Greg Duckworth | A Centennial Year of Scouting
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02 Oct A Centennial Year of Scouting

Centennial Scouting2010 marks the 100th Anniversary of Scouting in America and, throughout our country, scouts of all ages from many generations are celebrating. The scouts of Troop 888 have been doing their fair share as well – and it’s still not over!

Beginning with the annual observance of Scout Sunday, which happens to recognize February 8, 1910, the BSA’s birthday, the troop attended 10:00 AM Mass at Our Lady Star of the Sea Catholic Church. Although this year’s Scout Sunday was particularly important because of the 100 Years of Scouting and several Troop members receiving their religious emblem, it was also the Sunday parishioners dedicated our brand new Parish Hall. That morning, Scouts got to lead the parish youth and other churchgoers into the new hall where all the youth signed their names upon a special wall to commemorate the occasion.

Just as our nation observes a scouting program growing older, watching the scouts of our troop grow older over the period of a year is a unique experience and a privilege to be a part of. It never fails, that just as our troop is becoming a well-oiled machine the process begins all over again, as each spring a whole new crop of Webelos crossover from the Cub Scout Pack to the Boy Scout Troop. This is a time of chaos and uneasiness for the scouts and their leaders as everyone learns their new place of responsibility. Those who were the new scouts from last year are becoming adapted to the traditions of scout life, and the older, seasoned scouts are put forth by an election of their peers to become the next generation of our leadership corps. It has been our custom to hold patrol elections at summer camp and, by then, you can see the new scouts getting the hang of it; working together as a patrol to accomplish duties such as setting up their dining fly, as well as camping, cooking and eating as a unit – they’ve grown from being homesick little boys on their first weekend camping trip to confident delegates of their Patrol planning our next calendar year of events.

Because we were sending two crews to Philmont Scout Ranch in Cimarron, NM later this summer, nearly all of this year’s monthly trips had something to do with backpacking – so even the younger Scouts got a taste of it, including the trail food. For the older Scouts, it meant hiking under full pack with all of our gear for the trip; including clothes, tent, food, and water. To name just a few of the places we’ve hiked this year: Stone Mountain in GA (we went snow tubing too), Kings Mountain State Park and National Military Park, Devils Fork State Park (some went swimming), and Table Rock State Park. Did I mention we did some backpacking? We hiked in all sorts of terrain and weather – from rolling hills to dreadfully steep inclines in weather ranging from icy-cold, wet hail storms to sticky, hot humidity – so thick we were literally hiking within clouds of it!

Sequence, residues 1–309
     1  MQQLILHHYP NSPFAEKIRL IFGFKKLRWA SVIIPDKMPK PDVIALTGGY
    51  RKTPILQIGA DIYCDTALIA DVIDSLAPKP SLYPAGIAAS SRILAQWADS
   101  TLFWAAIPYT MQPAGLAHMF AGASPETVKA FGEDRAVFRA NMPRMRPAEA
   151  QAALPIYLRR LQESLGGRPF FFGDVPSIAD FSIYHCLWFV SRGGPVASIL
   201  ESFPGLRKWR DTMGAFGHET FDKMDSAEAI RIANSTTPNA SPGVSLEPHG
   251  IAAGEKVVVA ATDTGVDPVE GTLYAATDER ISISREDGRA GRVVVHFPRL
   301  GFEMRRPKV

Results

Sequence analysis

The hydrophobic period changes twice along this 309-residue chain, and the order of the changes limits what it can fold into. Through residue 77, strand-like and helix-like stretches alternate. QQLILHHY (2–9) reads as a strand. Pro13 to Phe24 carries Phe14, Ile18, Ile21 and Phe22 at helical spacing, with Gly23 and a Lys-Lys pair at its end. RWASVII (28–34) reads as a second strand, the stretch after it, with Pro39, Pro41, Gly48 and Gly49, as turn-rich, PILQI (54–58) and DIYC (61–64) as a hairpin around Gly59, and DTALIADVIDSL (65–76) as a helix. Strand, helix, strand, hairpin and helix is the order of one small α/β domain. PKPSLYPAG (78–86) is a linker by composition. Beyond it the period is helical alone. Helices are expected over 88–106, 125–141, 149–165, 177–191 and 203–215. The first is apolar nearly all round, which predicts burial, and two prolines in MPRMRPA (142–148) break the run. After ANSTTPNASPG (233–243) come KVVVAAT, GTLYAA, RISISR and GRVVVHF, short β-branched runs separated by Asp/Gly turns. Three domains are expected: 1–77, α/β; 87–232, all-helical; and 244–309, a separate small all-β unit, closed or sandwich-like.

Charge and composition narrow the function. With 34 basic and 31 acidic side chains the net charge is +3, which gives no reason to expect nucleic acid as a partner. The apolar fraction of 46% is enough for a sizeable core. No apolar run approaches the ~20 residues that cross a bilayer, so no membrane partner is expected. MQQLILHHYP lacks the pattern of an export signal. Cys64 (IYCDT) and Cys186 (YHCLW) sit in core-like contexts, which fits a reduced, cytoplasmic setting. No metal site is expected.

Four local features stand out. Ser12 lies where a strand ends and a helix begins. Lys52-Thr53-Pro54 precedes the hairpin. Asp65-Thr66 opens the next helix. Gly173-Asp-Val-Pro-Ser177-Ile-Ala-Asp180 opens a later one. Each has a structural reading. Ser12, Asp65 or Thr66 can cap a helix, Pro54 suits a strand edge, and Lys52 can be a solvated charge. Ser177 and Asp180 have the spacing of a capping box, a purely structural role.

Before our trip out west though, it was imperative that we made the pilgrimage by Troop Bus to Ft. A.P. Hill in Virginia – home of the Jamboree, but not just any Jamboree, this was the 2010 National Scout Jamboree – a once in a lifetime Jamboree. It was a time and a place that would not come again in any of our lifetimes and therefore a must-do event on our Troop calendar. In addition to the Jambo visit, we saw George Washington’s Mount Vernon Estate and Gardens, the Udvar-Hazy Center, and made a midnight tour to Washington, DC!

As we now enter the fall season, there’s still a few months worth of adventure left in this Centennial Year of Scouting and Troop 888 is not sitting at base camp letting it go by – we have much more to do and here’s a brief overview of some of the epic trips our Scouts have planned for the upcoming year: surfing and sea kayaking along the NC coast, winter camping on the Canadian border at Northern Tier High Adventure Base, hiking on the Appalachian Trail in the Great Smokey Mountains, kayaking and rafting at the US National Whitewater Center, the Wright Brothers National Memorial at Kill Devil Hills, as well as sailing and scuba trips at Florida Sea Base in the Keys.

A high adventure trip such as Philmont is transformative and the growth afforded our crewmembers from this life experience makes all those rugged miles of training and the trek under heavy pack worth its weight in gold. A part of me is still making that early morning climb on the trail up to Tooth Ridge at Philmont Scout Ranch. Once you’ve experienced this type of adventure you are forever connected to it; I believe all of us who journeyed along this timeless route left a part of ourselves behind – and that part will always be on the trail.

By: Gregory Duckworth, Scoutmaster

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